We find that the judge properly applied the statutory definition by requiring White to show how she had met her burden under the statute.   He was not actually asking for a new or different definition of disability.   This finding is confirmed by the judge's statements later in the hearing that he needed White's attorney to “fill in the blank” and “tell me the percentage you believe you carried” and “propose the judgment.”

We also find that the judge's determination of disability is supported by the weight of the evidence.   See R. 2:11–3(e)(1)(D).  The judge properly evaluated the experts' credibility and made fact-finding determinations that are entitled to our “substantial deference.”   See Ramos, supra, 154 N.J. at 594.   The judge found Bed Bath & Beyond's orthopedic expert, Dr. Pinsky, more credible than White's expert, Dr. Cataldo.   The judge of compensation is considered to have “expertise with respect to weighing the testimony of competing medical experts and appraising the validity of [the petitioner's] compensation claim.”  Id. at 598.   The dismissal of the psychiatric disability claim is also supported by the evidence, as White herself testified that she never sought “any psychiatric or [counseling] treatment” and it did not affect her sleep.   See R. 2:11–3(e)(1)(D).

Next, White argues that the judge erred in determining that her right hip claim was not before the court, as her petition alleged “right side” injuries.   The credible evidence supports a finding that there was no right hip disability.   See R. 2:11–3(e)(1)(D).  The medical reports did not discuss any treatment for a hip injury and Dr. Pinsky testified that White did not have any disability in her hip.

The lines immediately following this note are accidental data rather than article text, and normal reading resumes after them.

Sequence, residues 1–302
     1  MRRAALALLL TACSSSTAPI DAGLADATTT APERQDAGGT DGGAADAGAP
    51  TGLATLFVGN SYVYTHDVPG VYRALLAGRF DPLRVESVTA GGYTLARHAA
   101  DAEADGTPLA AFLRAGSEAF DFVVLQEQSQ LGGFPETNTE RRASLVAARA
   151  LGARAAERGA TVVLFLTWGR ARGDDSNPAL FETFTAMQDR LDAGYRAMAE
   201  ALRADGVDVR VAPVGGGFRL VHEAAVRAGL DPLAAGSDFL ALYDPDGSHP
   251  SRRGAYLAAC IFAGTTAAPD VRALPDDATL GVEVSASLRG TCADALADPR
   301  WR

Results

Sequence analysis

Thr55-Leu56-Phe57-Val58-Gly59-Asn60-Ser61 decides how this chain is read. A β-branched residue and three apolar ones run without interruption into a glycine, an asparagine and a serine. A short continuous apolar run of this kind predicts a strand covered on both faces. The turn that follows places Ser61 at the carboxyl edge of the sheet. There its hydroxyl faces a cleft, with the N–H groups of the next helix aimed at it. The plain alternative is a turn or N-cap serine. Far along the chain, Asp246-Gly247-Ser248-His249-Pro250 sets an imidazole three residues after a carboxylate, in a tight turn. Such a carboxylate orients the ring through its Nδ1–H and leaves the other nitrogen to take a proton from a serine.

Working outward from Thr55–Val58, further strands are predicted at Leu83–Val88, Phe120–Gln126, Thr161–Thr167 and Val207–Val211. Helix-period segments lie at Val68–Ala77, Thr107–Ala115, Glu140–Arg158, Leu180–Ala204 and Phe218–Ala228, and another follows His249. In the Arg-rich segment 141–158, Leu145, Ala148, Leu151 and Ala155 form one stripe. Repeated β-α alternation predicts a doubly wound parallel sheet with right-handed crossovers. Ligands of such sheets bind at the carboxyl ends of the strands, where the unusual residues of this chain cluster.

White's final argument is that “the judge of compensation committed error by deciding the case in a piecemeal fashion rather than considering the cumulative impact of the injuries on the petitioner's ability to function.”   The judge informed the parties of his decision that White was not totally disabled, and that he would consider her claim as one for partial disability.   He informed the parties of the percentage of White's partial disability at a later hearing.   This procedure is not so wide of the mark to require reversal.   There were not two trials held;  the judge's decision was simply rendered over two separate hearings.

We find that White's remaining arguments lack sufficient merit to warrant any further discussion in our opinion.   R. 2:11–3(e)(1)(E).   Given the expertise of workers' compensation judges and the deferential standard we are obligated to apply, we see no reason to disturb the judge's decision.

Affirmed.

FOOTNOTES

1.  FN1. “The odd lot doctrine is applied where the handicaps personal to the worker over and above the limitations on work capacity directly produced by his accidental injury render the worker unemployable on a regular basis in a reasonably stable market.   In such circumstances the worker is considered totally disabled.”  Kovach v. Gen. Motors Corp., 151 N.J.Super. 546, 552 (App.Div.1978) (citing Germain v. Cool–Rite Corp., 70 N.J. 1, 9 (1976)).   Here, the judge found that the odd lot doctrine did not apply because of lack of notice.   See id. at 552–53.

2.  FN2. Perez v. Capitol Ornamental, Concrete Specialties, Inc., 288 N.J.Super.   359 (App.Div.1996).

PER CURIAM